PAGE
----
born at Silverwood, Kilmarnock, in 1760, a neighbourhood which he left in 1785 to go to Strathaven, Lanarkshire, where he practised for many years as a law agent. He next went to Hamilton, where he held office as one of the sheriff-substitutes of the county from 1816 up to 1822. He died in 1848. At no period did his income exceed a hundred a year, and yet out of this, with a family of twelve children, he educated four sons for liberal professions, often sending them his last guinea when they were students at college. His works are:
- ‘A Treatise on Moss-earth,’ Ayr, 1811.
- ‘General View of the Agriculture of the County of Ayr,’ Glasgow, 1811.
- ‘General View of the Agriculture of the County of Bute,’ Glasgow, 1816.
- ‘A History of the Rencounter at Drumclog and Battle at Bothwell Bridge,’ Hamilton, 1821.
- ‘An Inquiry into the Pedigree of the Hamilton Family,’ Glasgow, 1827.
- ‘Inquiry into the House of Aiton in Scotland,’ Hamilton, 1830.
[Inquiry into the Origin and Pedigree of the Family of Aitons in Scotland; Catalogue of Library of Faculty of Advocates.]
AITON, WILLIAM TOWNSEND (1766–1849), botanist, the eldest son of William Aiton [see Aiton, William, 1731–1793], was born at Kew, 2 Feb. 1766. He was educated at Chiswick and Camberwell. At the age of sixteen he became assistant to his father, and attained some distinction as a landscape gardener, in which capacity he was employed by many of the nobility. On the death of his father in 1793 he was appointed to succeed him in the royal gardens at Kew and Richmond. He was much esteemed by George III and the royal family, and kept up a confidential correspondence with the Duke of Kent until the time of his death. On the accession of George IV Mr. Aiton was charged with the arrangement of the garden at the Pavilion at Brighton, as well as with many extensive and important alterations at Windsor. Many changes having taken place in the establishments of the royal gardens, he retired shortly after the accession of William IV to the charge of the Kew Botanic Garden and Pleasure Grounds, a post which he voluntarily resigned in 1841, still, however, living at Kew, but passing much of his time with his brother at Kensington; and it was at Kensington that he died on 9 Oct. 1849, being buried at Kew. In 1810–13 Mr. Aiton published a second and much-enlarged edition of his father's ‘Hortus Kewensis,’ in five volumes. In this he received a continuance of the help given to his father by Sir Joseph Banks and Dryander, while the latter volumes owe their scientific value to Robert Brown, who succeeded Dryander as curator of the Banksian herbarium. A useful epitome of this work, in one volume, was published in 1814. Owing, however, to the impossibility of keeping pace with the very rapid increase in the number of species brought into cultivation, neither of these works attained anything like the sale of the original edition. Mr. Aiton was one of the founders and an active fellow of the Royal Horticultural Society. To its ‘Transactions’ he contributed a paper on the cultivation of the cucumber, for which a silver medal was awarded him in 1817. A lithographed portrait by L. Poyot is in existence.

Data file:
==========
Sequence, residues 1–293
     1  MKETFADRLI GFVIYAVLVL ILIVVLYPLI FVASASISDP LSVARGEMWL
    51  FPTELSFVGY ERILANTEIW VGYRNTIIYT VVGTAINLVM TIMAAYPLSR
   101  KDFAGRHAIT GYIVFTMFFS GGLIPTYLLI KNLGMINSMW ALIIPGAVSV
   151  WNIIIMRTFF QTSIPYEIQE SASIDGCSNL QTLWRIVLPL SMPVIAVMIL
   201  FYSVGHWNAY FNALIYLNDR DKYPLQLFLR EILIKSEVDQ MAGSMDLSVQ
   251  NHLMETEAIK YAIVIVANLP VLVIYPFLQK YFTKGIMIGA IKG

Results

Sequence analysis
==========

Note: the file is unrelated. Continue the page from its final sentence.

[Proceedings of Linnean Society, ii. 82–3; Postscript to 2nd ed. of Hortus Kewensis, v. 531–2.]
AKENSIDE, MARK (1721–1770), poet and physician, was born at Newcastle-on-Tyne on 9 Nov. 1721. His father was a respectable butcher, named also Mark Akenside, and his mother's maiden name had been Mary Lumsden. On both sides he descended from Northumbrian presbyterians of the lower middle class. He was baptised on 30 Nov. by the Rev. Benjamin Bennet, a dissenting divine of some note, who ministered in the new meeting-house at Newcastle. He was the second son of his parents, who had been married for nearly twelve years. When Akenside was seven years old, he was playing in his father's shop, when the butcher's cleaver fell on his foot, and so wounded him that he halted for the rest of his life. He was educated first at the free school of his native town, and then at a private academy, also in Newcastle, kept by a dissenting minister of the name of Wilson. In his sixteenth year (23 April 1737) he sent up a poem, without any introduction, to the leading periodical of the day, the ‘Gentleman's Magazine.’ It was entitled ‘The Virtuoso,’ and was written in imitation of Spenser, in the Spenserian measure. The piece consists of only ten stanzas, but they show a remarkable skill in versification, and appear to have preceded the longer and better known pieces by Shenstone, Thomson, and Gilbert Ridley, which soon afterwards made the Spenserian stanza fashionable. Akenside was singularly precocious as a poet. After this first success he continued, while yet a youth, to be a frequent contributor to the ‘Gentleman's Magazine,’ and in 1738, at the age of seventeen, he began the poem by which he is best remembered, ‘The Pleasures of Imagination.’ It was during a visit to Morpeth that, as he says, within hearing of ‘the mossy falls of